As a result of lower production risks, central Corn Belt counties have lower premiums than areas outside the heart of the Corn Belt. Insuring at high coverage levels costs less than in the heart of the Corn Belt than in areas outside this region.
The Enhanced Coverage Option (ECO) was a product first available in 2021. One suspects that most of the sales of this product happened in areas where average coverage levels were the highest. In these high coverage areas, many farmers use the highest coverage level of 85%. Polices such as ECO may present farmers with opportunities to insure at higher levels at what many regard as reasonable costs.
At this point, finalized values for acres insured with RP and ECO are not available; however, policies sold will give a good indication of farmer behavior. Polices sold for RP, and ECO with RP, on corn acres were collected from RMA’s Summary of Business on May 3, 2021. ECO policies are summarized by counties grouped on 2020 average coverage levels for RP. The same breakdowns as shown in Figure 1 are used:
- Counties with less than 70% average coverage levels represent 1,971,341 acres of RP coverage on corn in 2020 or 2.6% of acres insured with RP.
- Counties with average coverage levels between 70% and 80% represent 50,368,742 acres of RP coverage on corn in 2020 or 65.4% of acres insured with RP.
- Counties with over 80% average coverage levels represent 24,685,231 acres of RP coverage on corn in 2020 or 32.0% of acres insured with RP.
Policies sold for corn by these three categories and totals are shown in Table 1. Overall, 482,060 RP policies are reported as sold for 2021, with 12,131 of these policies having the ECO policy attached to those RP policies. Overall, 2.5% of the RP policies have ECO policies associated with them. Of these ECO policies, 86% were at the 95% coverage level, while the remaining 14% were at a 90% coverage level.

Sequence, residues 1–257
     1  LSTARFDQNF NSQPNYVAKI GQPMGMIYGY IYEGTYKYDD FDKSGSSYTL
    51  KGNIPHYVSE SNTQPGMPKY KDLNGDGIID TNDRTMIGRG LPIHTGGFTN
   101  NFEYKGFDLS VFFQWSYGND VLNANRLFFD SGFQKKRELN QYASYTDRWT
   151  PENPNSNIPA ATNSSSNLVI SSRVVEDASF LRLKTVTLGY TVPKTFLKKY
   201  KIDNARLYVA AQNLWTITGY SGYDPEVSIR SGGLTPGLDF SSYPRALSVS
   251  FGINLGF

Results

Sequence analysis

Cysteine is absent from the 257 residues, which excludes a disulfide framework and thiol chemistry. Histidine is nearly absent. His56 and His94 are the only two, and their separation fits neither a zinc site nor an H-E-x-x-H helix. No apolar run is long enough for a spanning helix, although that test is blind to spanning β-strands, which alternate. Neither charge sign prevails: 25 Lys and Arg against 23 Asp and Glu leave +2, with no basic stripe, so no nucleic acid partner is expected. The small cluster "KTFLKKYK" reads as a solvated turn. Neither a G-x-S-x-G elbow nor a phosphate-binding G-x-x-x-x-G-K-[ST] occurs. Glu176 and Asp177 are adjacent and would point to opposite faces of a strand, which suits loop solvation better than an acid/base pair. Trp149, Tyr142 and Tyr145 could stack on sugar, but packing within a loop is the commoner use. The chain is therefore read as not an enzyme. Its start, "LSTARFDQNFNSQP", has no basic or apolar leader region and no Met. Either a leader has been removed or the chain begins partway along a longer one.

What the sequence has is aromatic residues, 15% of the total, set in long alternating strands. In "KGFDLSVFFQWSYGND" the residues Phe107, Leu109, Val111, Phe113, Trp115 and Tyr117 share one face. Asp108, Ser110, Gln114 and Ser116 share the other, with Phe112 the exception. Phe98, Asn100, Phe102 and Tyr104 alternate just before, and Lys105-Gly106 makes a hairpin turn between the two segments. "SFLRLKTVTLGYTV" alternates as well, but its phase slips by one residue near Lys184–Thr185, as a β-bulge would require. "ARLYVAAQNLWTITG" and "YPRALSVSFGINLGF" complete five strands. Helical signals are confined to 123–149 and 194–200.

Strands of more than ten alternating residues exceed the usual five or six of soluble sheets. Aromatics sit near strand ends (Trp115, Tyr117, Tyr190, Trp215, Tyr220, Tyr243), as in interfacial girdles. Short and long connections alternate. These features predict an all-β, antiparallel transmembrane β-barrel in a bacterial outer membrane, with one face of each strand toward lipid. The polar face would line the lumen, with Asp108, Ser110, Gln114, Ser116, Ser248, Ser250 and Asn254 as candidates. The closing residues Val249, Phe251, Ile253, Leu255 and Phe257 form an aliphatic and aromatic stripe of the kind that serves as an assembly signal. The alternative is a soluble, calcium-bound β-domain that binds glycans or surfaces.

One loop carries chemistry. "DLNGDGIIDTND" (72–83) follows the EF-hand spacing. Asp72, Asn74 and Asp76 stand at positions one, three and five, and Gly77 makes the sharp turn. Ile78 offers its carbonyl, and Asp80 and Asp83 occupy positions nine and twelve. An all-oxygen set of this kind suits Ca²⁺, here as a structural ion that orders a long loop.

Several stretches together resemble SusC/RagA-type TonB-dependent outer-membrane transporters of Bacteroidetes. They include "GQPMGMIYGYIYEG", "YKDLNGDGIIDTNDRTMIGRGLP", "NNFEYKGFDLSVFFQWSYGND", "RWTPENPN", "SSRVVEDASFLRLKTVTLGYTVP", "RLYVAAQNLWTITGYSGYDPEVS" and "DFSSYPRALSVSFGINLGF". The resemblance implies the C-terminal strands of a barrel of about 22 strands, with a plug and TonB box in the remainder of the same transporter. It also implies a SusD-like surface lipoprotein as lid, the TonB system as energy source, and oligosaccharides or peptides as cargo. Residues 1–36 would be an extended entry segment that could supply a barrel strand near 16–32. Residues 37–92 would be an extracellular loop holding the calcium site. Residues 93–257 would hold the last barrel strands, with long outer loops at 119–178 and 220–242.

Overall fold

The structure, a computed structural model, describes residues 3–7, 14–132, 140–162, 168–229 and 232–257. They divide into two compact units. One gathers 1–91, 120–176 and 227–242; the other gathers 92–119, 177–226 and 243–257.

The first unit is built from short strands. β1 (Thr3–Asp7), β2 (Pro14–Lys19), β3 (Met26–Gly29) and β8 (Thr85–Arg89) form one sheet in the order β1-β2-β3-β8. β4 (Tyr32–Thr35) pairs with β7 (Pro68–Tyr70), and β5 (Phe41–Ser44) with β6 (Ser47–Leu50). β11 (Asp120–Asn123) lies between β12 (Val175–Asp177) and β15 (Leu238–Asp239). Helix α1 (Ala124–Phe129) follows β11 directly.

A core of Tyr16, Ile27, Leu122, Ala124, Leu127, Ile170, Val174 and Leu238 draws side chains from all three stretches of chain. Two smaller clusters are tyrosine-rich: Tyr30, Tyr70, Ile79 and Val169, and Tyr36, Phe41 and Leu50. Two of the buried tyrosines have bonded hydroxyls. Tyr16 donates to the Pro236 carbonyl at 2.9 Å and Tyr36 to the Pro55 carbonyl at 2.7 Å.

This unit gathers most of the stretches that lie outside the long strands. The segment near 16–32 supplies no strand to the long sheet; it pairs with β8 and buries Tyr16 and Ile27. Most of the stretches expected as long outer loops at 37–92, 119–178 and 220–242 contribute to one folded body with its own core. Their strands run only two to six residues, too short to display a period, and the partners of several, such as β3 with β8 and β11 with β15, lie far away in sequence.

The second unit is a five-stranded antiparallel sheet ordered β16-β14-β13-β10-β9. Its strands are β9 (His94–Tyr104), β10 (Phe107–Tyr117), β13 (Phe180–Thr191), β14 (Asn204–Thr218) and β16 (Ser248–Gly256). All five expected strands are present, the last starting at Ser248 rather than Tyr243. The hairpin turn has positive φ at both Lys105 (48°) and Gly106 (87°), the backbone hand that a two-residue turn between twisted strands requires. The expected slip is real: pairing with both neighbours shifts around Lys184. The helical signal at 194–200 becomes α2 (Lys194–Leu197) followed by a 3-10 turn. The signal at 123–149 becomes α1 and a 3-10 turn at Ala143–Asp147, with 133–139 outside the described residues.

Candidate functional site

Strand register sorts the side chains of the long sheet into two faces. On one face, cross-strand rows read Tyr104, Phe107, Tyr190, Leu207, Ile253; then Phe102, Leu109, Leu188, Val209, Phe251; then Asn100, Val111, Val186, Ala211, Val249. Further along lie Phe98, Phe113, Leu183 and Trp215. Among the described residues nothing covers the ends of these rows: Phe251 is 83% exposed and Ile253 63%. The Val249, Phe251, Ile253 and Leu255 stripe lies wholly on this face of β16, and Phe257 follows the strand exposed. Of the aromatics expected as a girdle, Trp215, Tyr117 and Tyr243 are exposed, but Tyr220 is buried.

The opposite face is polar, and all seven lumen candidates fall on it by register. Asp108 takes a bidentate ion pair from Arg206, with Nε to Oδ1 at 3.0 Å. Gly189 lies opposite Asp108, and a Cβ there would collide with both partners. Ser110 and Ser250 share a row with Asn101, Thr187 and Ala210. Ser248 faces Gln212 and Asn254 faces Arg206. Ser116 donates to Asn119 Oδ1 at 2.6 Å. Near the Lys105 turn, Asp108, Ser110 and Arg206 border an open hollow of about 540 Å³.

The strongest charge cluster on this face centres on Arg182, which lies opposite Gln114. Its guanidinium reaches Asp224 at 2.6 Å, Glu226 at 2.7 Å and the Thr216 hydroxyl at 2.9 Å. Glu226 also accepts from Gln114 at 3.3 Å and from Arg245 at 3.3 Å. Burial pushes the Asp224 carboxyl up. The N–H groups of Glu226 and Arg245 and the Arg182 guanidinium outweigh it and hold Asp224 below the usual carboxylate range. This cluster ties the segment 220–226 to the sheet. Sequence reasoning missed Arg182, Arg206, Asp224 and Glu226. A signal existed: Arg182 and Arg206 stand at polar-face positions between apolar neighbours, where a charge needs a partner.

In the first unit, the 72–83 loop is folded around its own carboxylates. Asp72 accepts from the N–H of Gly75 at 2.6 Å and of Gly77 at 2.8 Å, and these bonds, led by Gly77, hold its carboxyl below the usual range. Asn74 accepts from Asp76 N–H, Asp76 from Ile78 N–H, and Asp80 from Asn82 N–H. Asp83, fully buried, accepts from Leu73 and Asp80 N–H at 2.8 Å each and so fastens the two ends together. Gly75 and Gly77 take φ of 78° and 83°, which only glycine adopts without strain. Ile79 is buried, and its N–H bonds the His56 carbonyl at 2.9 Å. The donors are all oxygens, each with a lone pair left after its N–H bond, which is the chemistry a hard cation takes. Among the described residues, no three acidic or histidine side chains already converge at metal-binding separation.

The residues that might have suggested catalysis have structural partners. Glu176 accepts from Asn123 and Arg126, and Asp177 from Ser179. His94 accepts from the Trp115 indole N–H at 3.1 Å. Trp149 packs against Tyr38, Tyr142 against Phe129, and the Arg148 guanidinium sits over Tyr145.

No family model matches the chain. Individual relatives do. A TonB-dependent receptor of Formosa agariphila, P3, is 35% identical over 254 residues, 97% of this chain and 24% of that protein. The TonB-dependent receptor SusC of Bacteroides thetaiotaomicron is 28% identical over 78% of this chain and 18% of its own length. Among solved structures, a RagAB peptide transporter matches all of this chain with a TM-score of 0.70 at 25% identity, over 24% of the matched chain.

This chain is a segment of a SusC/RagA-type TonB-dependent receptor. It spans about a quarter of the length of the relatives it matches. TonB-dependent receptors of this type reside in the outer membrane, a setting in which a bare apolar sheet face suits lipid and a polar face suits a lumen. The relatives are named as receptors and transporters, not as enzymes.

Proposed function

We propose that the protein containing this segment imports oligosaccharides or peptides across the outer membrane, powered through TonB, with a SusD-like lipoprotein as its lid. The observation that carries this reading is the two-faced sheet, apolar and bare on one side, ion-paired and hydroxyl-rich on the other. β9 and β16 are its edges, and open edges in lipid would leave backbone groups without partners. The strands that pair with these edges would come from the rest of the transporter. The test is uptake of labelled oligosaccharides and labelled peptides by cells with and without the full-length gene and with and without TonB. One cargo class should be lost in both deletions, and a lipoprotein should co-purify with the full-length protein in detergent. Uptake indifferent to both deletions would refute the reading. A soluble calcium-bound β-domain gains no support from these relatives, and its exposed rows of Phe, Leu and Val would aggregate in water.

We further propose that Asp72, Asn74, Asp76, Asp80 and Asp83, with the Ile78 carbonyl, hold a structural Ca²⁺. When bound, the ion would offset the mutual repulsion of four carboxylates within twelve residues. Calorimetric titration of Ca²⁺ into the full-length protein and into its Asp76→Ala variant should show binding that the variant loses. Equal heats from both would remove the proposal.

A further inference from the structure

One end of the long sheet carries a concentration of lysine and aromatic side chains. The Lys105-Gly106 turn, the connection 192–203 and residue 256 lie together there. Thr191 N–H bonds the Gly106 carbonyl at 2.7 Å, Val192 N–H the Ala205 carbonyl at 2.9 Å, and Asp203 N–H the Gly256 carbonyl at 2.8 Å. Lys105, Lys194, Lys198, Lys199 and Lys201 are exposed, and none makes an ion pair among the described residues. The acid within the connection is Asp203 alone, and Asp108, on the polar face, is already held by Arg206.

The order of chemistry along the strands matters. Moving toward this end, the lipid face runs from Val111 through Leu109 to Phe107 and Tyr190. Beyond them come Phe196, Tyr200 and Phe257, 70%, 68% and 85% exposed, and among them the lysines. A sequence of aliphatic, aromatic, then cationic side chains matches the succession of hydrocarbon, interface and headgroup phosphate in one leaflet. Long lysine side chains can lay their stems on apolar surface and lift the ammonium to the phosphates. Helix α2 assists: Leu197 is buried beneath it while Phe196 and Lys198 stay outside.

Counties with average coverage levels over 80% had 4.7% of their RP policies with an ECO attached to them, about twice as high as the overall average. The percentage declines to 1.7% for counties with average coverage levels between 70% and 80% in 2020. The percentage of RP policies with ECO fell to 0.6% in counties with average coverage levels less than 70%.
Overall, 2.5% of RP policies used the ECO option in 2021. As expected, more ECO policies were purchased in counties where RP coverage levels were higher, generally in the heart of the Corn Belt. ECO was used at relatively high coverage levels as well, with 86% sold with the 95% coverage level, the highest available coverage level.
Paulson, N., G. Schnitkey, K. Swanson and C. Zulauf. “The New Enhanced Coverage Option (ECO) Crop Insurance Program.” farmdoc daily (10):203, Department of Agricultural and Consumer Economics, University of Illinois at Urbana-Champaign, November 24, 2020.
Schnitkey, G., N. Paulson, C. Zulauf and K. Swanson. “Revenue Protection: The Most Used Crop Insurance Product.” farmdoc daily (10):198, Department of Agricultural and Consumer Economics, University of Illinois at Urbana-Champaign, November 17, 2020.